Worcestershire have become the latest county to back the England and Wales Cricket Board's proposed new eight-team city-based T20 competition.
County chairman Stephen Taylor revealed that they took their decision following a vote by the club's board.
Each county is guaranteed revenue of £1.3m from the competition, which is planned to get under way in 2020.
The only two counties who have so far not backed the ECB proposal are Essex and Middlesex.
"The new competition will provide much-needed revenue to all clubs," said Taylor. "With significant additional investment in recreational cricket - something we are very keen to develop.
"The preservation of all formats of cricket at New Road is fundamentally important. This will go a long way to protecting the four-day game, 50-over competition's and the T20 Blast."
Who likes the idea of the new T20?
The changes require the support of 31 out of 41 of the ECB's voting members, which comprise the 18 first-class counties, 21 recreational boards, the Minor Counties Cricket Association, and the MCC - owners of Lord's and Middlesex's landlord.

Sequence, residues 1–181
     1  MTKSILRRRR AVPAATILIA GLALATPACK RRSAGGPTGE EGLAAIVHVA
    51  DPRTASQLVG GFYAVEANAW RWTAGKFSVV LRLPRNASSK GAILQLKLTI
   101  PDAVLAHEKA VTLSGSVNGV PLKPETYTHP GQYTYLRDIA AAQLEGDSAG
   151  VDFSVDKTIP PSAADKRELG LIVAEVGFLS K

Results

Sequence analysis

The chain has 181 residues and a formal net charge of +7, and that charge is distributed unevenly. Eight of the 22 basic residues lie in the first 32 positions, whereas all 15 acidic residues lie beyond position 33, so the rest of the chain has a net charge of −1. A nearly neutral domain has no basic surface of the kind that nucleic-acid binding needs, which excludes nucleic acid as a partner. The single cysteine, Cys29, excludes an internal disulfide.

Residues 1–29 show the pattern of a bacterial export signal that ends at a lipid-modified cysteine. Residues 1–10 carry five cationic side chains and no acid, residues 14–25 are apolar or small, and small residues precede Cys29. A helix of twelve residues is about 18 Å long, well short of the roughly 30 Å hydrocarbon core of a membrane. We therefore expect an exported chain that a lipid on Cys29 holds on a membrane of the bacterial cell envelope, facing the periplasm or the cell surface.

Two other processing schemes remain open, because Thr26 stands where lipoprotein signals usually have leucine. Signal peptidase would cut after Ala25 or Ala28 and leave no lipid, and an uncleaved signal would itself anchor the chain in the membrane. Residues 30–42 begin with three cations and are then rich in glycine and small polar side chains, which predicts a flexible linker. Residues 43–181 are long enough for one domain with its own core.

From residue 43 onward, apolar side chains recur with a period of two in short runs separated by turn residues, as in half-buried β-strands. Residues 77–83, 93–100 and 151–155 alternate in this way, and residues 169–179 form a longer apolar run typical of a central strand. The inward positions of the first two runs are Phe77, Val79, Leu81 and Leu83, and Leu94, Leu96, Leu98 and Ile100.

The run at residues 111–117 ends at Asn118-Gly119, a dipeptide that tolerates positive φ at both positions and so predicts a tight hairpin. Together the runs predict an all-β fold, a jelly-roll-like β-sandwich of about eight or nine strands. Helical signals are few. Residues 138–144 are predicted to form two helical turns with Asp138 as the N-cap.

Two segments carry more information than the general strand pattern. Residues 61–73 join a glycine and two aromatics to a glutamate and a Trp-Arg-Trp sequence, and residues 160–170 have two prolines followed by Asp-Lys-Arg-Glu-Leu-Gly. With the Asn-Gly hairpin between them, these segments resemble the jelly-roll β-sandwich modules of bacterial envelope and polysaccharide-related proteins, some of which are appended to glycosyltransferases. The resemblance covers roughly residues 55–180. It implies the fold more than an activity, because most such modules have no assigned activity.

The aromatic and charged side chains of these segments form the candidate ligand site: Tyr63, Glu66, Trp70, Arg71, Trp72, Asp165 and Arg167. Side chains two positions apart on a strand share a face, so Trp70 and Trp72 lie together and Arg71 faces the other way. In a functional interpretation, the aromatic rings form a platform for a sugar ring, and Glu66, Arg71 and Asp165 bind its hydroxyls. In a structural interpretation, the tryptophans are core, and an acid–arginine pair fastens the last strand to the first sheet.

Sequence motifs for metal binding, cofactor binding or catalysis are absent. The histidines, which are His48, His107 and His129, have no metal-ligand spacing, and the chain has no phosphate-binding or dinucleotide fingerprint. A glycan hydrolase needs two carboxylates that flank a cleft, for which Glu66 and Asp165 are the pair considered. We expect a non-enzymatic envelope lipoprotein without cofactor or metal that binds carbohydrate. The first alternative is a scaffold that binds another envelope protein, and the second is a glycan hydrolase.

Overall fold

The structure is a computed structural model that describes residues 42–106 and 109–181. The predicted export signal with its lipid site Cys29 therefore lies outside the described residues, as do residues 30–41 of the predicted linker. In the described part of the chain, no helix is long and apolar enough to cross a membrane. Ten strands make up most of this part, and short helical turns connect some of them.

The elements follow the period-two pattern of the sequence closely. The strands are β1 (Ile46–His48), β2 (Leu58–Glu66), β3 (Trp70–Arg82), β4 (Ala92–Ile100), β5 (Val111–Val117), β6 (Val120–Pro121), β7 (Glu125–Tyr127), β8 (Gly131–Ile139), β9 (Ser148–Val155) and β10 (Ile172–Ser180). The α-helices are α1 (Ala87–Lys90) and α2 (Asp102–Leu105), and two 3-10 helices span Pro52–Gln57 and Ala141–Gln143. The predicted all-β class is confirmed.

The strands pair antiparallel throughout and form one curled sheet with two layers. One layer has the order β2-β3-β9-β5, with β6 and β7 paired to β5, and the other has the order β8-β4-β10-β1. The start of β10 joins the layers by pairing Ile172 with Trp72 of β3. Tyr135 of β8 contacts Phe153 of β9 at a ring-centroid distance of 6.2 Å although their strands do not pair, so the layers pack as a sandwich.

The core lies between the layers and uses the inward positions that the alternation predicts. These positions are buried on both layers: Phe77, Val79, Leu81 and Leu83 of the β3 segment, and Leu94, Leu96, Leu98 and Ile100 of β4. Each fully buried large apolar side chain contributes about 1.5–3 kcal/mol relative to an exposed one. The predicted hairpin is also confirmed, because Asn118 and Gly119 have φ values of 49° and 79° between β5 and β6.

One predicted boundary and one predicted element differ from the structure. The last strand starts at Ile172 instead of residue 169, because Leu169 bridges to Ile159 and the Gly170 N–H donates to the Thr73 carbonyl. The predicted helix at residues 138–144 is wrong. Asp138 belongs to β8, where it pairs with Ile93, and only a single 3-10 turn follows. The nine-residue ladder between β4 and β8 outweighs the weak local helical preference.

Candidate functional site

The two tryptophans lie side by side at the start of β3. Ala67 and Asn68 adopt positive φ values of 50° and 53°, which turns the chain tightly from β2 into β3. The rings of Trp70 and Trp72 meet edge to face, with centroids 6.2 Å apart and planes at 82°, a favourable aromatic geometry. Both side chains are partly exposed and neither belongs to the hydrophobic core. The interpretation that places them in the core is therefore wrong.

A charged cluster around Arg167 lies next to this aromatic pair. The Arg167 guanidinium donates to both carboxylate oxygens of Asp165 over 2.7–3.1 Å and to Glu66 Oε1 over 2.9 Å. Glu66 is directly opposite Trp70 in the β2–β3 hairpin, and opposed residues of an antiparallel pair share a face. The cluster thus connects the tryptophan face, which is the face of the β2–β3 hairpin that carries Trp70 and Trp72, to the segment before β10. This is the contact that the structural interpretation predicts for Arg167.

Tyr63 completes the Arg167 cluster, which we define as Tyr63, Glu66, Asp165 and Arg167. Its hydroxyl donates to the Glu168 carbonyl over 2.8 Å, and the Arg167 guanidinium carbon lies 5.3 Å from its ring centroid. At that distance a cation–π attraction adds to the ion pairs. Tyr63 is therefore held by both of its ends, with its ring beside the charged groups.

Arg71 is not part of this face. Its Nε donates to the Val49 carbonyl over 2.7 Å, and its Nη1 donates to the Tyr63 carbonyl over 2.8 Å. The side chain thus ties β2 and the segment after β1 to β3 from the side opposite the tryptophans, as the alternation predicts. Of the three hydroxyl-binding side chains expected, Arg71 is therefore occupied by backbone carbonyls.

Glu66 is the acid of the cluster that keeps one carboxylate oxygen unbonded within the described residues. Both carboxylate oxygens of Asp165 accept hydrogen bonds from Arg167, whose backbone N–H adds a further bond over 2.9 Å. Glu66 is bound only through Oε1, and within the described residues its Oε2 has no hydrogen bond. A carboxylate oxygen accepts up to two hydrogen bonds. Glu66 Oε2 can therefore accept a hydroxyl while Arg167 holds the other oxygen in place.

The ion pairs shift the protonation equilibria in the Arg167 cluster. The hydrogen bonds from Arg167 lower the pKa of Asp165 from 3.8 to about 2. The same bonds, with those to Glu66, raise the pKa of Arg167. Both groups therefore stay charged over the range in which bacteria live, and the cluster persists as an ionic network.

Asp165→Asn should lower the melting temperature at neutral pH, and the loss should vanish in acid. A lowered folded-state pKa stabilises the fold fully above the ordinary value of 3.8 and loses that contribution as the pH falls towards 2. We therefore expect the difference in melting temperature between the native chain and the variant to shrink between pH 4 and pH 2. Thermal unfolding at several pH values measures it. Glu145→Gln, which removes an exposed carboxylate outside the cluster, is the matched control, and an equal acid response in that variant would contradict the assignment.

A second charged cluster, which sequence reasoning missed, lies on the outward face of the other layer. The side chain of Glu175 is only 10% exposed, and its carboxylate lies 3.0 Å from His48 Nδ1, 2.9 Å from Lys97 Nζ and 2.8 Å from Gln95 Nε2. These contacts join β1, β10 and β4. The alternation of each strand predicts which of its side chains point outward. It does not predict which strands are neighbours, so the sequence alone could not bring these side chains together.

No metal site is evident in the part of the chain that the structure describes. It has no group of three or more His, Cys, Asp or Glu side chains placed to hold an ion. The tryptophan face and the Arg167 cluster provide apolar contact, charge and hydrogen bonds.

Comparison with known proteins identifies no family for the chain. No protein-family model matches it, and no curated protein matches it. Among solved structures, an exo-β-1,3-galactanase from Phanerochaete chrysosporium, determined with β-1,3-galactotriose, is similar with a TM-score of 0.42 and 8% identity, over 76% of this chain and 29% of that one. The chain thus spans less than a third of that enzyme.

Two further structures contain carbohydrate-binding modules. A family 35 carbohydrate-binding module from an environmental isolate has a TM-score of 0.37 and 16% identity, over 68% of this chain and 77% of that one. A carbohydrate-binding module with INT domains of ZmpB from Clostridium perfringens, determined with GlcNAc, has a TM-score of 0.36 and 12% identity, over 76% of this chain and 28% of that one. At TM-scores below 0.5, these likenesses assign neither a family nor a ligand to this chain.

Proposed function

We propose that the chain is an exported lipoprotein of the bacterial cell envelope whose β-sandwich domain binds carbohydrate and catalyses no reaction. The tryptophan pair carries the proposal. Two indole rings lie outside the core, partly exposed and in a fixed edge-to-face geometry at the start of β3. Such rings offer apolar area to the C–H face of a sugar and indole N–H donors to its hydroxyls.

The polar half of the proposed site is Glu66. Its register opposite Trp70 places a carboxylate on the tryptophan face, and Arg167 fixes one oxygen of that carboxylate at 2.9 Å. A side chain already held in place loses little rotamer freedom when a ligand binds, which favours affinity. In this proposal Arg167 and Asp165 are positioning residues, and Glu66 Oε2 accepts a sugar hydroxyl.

A number of counties have come out in support of the proposals for the new tournament.
Derbyshire, Leicestershire, Somerset, Sussex, Yorkshire and Durham have all announced that they will back the ECB rule change, while Kent have abstaned.
Others, including Glamorgan, Hampshire and Warwickshire - the only county who already play their T20 cricket under a city banner as Birmingham Bears - have been vocal in their support for a city-based competition, while Surrey director of cricket Alec Stewart has expressed concern over the details of the new event.
How the new competition would work
- Eight new teams playing 36 games over a 38-day summer window.
- Four home games each. All games televised, with significant free-to-air exposure
- No scheduling overlap with the existing T20 Blast competition
- Indian Premier League-style play-off system
- Players' draft, with squads of 15 including three overseas players
- Counties guaranteed £1.3m each